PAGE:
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I love to travel. Exploring new cultures, to me, is the spice of life. Even better, I find that I do some of my best design work while I am out there in the world. You might say I’m living the dream!

ArchitectureI consider myself to be very lucky. Because I work remotely, I can indulge my wanderlust and go wherever the wind takes me. As long as I have an internet connection, I can work. If I feel like going to Spain, Africa, Iceland – I can just go. I don’t have to take time off work, I have income to finance my trip, and best of all, I can be inspired by new sights, sounds, smells, and the people that I meet.

In truth, I believe that traveling makes me a better product designer. The cultures I have experienced, the people that I meet, the unique ways in which people use technology, the way they get their information – these are things that can’t be taught.

Sometimes, you have to experience a problem first-hand before you know it’s a problem. Only then can you design a solution that’s going to work for the people who need it most.

Knowing New Cultures Helps Me Design For Accessibility

In the world of product design, accessibility is so important. Identifying the challenges that other cultures face, seeing how they use their devices, and understanding their daily routines make designing products for them that much easier.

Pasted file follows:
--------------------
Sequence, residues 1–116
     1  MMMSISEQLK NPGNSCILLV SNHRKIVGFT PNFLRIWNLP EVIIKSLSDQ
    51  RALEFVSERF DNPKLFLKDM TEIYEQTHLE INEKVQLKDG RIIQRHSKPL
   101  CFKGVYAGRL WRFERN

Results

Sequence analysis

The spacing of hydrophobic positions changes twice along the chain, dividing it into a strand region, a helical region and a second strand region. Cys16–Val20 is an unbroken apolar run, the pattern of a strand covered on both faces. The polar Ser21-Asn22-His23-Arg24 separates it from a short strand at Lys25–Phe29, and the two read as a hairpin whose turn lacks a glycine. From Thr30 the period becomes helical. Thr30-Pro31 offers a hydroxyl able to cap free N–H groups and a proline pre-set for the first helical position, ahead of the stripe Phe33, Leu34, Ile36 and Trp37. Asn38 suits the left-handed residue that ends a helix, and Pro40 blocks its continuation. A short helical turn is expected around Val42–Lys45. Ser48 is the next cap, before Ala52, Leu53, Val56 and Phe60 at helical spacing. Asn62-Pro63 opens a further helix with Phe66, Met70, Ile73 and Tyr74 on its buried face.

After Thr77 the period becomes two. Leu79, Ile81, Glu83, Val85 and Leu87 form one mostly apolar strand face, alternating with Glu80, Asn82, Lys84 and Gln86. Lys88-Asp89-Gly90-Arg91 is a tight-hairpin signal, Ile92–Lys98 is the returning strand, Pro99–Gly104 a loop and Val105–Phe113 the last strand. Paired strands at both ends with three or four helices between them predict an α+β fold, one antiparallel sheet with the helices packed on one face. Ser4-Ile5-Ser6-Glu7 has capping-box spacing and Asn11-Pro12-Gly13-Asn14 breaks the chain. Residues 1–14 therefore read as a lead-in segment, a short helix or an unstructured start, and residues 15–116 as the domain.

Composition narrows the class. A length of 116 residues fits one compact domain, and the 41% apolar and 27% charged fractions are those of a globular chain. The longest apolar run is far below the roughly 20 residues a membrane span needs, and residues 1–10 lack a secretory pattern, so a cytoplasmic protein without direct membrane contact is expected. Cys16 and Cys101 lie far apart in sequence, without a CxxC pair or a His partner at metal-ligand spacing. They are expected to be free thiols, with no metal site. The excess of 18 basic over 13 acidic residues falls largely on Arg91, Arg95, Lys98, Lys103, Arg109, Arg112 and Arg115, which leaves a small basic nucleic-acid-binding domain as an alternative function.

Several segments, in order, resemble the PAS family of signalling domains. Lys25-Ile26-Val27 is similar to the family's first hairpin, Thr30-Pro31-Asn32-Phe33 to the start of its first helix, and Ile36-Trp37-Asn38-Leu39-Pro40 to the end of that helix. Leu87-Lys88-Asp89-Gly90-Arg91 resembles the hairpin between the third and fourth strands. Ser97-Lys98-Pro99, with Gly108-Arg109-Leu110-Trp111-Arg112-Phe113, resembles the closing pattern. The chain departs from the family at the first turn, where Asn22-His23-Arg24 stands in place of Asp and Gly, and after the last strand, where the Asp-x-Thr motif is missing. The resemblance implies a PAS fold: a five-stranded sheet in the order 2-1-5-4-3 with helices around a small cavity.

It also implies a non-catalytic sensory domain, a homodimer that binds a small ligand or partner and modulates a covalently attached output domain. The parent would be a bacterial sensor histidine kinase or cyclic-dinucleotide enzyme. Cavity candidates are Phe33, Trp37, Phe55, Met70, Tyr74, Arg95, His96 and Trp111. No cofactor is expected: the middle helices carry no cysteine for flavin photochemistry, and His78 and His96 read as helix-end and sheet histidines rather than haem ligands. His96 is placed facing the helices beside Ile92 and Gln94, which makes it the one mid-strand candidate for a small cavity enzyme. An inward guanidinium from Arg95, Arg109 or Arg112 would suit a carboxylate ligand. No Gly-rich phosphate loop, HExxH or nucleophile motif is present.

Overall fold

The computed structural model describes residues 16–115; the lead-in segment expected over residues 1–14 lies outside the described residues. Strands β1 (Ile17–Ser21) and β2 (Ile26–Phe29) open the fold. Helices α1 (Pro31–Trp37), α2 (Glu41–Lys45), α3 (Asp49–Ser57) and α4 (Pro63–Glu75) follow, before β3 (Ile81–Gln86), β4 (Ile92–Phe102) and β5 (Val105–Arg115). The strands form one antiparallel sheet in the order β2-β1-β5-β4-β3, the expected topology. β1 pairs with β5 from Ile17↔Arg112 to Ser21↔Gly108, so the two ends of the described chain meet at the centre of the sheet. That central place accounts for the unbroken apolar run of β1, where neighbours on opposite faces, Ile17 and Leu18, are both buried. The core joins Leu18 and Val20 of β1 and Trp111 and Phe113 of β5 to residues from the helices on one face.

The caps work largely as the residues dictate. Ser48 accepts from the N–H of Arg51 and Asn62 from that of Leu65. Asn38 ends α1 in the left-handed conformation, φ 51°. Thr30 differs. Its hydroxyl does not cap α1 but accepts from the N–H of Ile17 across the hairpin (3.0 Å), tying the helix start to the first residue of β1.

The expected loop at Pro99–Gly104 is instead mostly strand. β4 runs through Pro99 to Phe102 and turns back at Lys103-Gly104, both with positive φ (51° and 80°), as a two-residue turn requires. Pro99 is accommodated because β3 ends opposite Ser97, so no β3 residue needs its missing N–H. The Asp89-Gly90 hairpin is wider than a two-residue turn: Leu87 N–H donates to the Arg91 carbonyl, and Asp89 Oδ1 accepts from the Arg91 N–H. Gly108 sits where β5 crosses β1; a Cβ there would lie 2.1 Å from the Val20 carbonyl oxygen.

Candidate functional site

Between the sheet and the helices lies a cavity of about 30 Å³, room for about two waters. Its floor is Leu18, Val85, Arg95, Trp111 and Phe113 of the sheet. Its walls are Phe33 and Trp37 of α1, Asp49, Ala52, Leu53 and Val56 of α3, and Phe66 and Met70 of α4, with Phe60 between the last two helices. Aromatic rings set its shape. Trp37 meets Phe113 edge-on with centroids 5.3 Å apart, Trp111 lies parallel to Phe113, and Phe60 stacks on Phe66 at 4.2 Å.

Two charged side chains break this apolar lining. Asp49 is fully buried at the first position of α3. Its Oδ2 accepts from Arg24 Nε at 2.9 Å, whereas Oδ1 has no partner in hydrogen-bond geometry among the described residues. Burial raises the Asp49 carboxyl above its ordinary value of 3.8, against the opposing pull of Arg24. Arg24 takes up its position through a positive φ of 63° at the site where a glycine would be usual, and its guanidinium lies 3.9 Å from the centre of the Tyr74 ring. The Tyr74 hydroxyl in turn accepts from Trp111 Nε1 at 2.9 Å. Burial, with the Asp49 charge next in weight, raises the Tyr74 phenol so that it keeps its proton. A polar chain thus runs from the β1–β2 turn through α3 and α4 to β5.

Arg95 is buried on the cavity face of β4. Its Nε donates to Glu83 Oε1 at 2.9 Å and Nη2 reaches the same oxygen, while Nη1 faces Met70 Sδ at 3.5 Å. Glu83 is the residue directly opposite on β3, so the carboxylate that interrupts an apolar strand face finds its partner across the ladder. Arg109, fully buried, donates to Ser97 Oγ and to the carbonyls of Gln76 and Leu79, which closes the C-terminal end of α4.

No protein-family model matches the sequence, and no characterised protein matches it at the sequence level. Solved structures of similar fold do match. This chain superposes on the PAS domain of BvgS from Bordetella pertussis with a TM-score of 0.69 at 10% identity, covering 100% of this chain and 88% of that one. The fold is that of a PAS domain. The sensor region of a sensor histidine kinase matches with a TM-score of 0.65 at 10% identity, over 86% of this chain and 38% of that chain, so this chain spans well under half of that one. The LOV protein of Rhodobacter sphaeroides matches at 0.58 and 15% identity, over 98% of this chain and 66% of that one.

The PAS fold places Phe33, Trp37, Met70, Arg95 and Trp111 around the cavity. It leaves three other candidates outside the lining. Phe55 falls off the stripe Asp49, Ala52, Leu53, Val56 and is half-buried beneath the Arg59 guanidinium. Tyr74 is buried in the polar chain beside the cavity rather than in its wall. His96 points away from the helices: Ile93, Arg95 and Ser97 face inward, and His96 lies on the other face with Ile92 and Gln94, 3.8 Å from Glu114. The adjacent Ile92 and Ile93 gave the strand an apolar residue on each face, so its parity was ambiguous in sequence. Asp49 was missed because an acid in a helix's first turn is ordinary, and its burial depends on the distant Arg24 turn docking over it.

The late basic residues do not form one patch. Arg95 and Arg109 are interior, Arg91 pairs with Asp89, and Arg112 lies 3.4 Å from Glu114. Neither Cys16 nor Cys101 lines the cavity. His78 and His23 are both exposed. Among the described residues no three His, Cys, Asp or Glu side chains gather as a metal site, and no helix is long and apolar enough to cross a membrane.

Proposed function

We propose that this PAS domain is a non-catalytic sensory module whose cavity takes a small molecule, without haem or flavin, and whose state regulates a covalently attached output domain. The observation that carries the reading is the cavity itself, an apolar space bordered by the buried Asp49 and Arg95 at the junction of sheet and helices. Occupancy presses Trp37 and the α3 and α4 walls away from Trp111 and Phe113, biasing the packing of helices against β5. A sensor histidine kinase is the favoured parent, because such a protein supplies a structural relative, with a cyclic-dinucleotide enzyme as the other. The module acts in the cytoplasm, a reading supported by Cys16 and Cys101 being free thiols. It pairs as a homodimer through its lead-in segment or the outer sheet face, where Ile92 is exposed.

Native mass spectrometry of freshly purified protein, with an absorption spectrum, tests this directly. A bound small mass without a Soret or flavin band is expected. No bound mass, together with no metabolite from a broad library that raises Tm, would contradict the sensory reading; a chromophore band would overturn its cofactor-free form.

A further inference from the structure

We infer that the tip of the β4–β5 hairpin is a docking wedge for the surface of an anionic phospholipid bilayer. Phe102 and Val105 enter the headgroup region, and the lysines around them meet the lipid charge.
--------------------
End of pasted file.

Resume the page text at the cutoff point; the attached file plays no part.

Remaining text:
AI Bar-1Accessibility is highly relevant, especially in consumer IoT, because we’re making these revolutionary products that are going to make people’s lives so much easier. If you want to get your product into more hands, you have to think beyond borders and ask yourself, “how is this thing going to work in this culture?”

For example, I was recently in Morocco. The native language there is Arabic, which they read from right to left. It’s the opposite of what we are used to in the west. They also speak French, but it is considered a second language. Arabic and a few local dialects are more commonly spoken. Having that connection with somebody that actually speaks that language is better for me, because I can put a face on it. It’s certainly something I would never have considered had I not experienced it first-hand.